“That cold glass of 100 percent liquid sunshine on the breakfast table is the product of a sophisticated industrial juice complex,” writes Duane D. Stanford in Bloomberg Businesweek (2/4/13). Coca-Cola, makers of the Minute Maid orange-juice brand, “has perfected a top-secret methodology it calls Black Book to make sure consumers have consistent orange juice 12 months a year, even though the peak growing season lasts about three months.” The formula is actually an algorithm that “requires analyzing up to 1 quintillion decision variables to consistently deliver the optimal blend.”
Coke’s Black Book “includes detailed data about the myriad flavors — more than 600 in all — that make up an orange, and consumer preferences. Those data are matched to a profile detailing acidity, sweetness, and other attributes of each batch of raw juice. The algorithm then tells Coke how to blend batches to replicate a certain taste and consistency, right down to pulp content. Another part of black Book incorporates external factors such as weather patterns, expected crop yields and cost pressures.”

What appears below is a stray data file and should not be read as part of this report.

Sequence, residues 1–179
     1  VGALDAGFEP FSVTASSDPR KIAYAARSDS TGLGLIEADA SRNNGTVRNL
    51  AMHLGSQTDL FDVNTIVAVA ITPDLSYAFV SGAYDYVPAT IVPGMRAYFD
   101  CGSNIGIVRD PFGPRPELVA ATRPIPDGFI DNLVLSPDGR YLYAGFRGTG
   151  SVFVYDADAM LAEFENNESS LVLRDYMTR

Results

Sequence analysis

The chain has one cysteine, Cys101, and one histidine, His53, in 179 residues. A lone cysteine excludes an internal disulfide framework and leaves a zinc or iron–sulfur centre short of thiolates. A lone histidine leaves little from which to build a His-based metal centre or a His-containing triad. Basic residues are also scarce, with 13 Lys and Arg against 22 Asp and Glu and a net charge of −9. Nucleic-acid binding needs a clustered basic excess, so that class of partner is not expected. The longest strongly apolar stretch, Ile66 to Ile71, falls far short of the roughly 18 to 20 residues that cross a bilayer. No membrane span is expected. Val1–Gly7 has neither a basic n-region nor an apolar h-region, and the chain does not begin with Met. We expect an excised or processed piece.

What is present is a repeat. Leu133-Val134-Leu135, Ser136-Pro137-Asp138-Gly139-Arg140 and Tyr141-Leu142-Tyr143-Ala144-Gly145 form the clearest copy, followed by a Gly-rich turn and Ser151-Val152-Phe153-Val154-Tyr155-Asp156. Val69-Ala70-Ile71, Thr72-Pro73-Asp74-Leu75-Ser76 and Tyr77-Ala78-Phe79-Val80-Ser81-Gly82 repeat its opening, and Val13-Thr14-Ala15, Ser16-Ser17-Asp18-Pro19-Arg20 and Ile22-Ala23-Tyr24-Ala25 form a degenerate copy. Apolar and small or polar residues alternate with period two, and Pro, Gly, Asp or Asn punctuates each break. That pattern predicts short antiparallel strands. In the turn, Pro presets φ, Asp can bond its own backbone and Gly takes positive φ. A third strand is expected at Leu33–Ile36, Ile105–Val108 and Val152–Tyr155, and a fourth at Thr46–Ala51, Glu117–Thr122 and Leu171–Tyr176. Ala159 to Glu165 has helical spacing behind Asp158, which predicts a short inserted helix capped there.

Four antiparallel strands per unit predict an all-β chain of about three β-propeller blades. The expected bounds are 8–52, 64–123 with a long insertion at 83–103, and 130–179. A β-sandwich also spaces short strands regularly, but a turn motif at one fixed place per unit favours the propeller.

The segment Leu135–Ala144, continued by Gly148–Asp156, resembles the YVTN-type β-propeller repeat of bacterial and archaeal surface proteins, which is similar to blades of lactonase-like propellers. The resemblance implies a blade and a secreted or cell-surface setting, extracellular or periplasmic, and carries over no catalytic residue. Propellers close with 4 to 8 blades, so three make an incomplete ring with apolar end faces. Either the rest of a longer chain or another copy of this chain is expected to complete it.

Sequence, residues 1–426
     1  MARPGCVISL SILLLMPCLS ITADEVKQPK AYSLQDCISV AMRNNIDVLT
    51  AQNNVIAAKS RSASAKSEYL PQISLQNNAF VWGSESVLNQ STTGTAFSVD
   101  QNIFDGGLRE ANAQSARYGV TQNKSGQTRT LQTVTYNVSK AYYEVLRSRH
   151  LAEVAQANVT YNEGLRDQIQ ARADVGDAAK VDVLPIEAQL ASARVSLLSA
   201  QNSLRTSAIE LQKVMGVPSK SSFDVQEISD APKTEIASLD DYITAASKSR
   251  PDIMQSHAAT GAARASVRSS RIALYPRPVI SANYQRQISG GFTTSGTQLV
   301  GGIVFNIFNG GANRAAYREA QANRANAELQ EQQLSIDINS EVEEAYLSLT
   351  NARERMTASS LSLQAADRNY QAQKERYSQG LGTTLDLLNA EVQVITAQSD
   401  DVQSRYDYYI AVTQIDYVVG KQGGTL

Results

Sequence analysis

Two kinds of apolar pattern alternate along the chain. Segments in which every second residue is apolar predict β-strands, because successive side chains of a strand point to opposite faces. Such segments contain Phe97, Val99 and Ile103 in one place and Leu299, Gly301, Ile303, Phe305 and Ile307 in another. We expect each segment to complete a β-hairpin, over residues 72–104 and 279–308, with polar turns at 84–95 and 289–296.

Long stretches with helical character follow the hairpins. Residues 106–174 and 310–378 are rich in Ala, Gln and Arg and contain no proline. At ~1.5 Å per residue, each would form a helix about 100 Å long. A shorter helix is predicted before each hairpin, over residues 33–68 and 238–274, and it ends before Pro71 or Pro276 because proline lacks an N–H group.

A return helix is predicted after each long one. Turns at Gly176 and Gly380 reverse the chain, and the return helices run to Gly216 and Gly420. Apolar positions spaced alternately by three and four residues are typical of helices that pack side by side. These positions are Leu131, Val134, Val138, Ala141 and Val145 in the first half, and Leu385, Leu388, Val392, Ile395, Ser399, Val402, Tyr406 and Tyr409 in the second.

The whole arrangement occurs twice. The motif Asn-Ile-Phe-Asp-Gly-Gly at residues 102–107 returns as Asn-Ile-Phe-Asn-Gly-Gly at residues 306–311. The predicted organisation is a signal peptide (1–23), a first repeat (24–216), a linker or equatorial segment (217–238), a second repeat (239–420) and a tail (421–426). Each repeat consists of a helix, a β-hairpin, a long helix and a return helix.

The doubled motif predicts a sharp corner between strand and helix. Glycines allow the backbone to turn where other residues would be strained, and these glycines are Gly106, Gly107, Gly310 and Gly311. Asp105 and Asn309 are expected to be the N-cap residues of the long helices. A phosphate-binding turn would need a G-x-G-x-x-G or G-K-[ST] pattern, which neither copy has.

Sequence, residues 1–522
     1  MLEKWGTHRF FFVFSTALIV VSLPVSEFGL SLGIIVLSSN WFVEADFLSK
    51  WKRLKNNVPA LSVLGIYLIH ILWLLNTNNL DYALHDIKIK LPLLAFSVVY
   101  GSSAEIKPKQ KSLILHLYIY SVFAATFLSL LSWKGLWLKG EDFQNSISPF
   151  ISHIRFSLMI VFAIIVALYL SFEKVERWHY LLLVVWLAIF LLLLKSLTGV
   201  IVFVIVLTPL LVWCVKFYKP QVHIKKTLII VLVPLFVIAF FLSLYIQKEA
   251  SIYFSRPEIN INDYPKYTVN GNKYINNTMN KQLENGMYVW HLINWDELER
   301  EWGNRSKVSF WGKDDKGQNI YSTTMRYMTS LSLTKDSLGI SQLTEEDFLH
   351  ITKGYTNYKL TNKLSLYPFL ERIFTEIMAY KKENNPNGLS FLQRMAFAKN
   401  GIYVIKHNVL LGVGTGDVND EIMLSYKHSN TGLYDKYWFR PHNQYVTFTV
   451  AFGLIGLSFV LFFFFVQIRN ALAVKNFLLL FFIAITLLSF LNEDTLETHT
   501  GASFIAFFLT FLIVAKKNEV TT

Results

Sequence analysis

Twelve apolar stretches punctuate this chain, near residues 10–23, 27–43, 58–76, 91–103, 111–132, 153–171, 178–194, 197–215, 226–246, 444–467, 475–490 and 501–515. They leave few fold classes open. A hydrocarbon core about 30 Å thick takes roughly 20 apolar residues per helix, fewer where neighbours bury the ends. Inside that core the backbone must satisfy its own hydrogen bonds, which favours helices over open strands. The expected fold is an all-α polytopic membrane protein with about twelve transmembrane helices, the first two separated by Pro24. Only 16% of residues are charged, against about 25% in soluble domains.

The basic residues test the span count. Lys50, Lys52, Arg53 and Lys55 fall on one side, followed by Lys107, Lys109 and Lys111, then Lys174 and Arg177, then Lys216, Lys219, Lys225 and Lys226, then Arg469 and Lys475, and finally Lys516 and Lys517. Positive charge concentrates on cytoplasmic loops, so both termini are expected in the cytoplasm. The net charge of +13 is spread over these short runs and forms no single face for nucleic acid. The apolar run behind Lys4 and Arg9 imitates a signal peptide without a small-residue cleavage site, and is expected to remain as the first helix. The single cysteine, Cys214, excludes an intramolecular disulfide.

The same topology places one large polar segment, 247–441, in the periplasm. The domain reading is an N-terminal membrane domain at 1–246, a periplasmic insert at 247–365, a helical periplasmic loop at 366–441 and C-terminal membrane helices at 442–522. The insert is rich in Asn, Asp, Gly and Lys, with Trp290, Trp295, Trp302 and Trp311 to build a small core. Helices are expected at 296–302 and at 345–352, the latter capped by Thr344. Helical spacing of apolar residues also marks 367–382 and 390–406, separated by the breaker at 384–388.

The algorithm is so sophisticated that Coke can “replan the business in five or 10 minutes,” should a hurricane, freeze or other natural catastrophe occur. Minute Maid was founded during World War II “by pharmaceutical engineer Jack Fox, an expert at concentrating blood serum.” Coke bought the company in 1960, and today “Coke gets about $13 billion in revenue annually from pure juice and juice drinks.” Pepsi’s Topicana is the market-share leader in the $4.6 billion US category, with a 40 percent share, versus Coke’s 28 percent.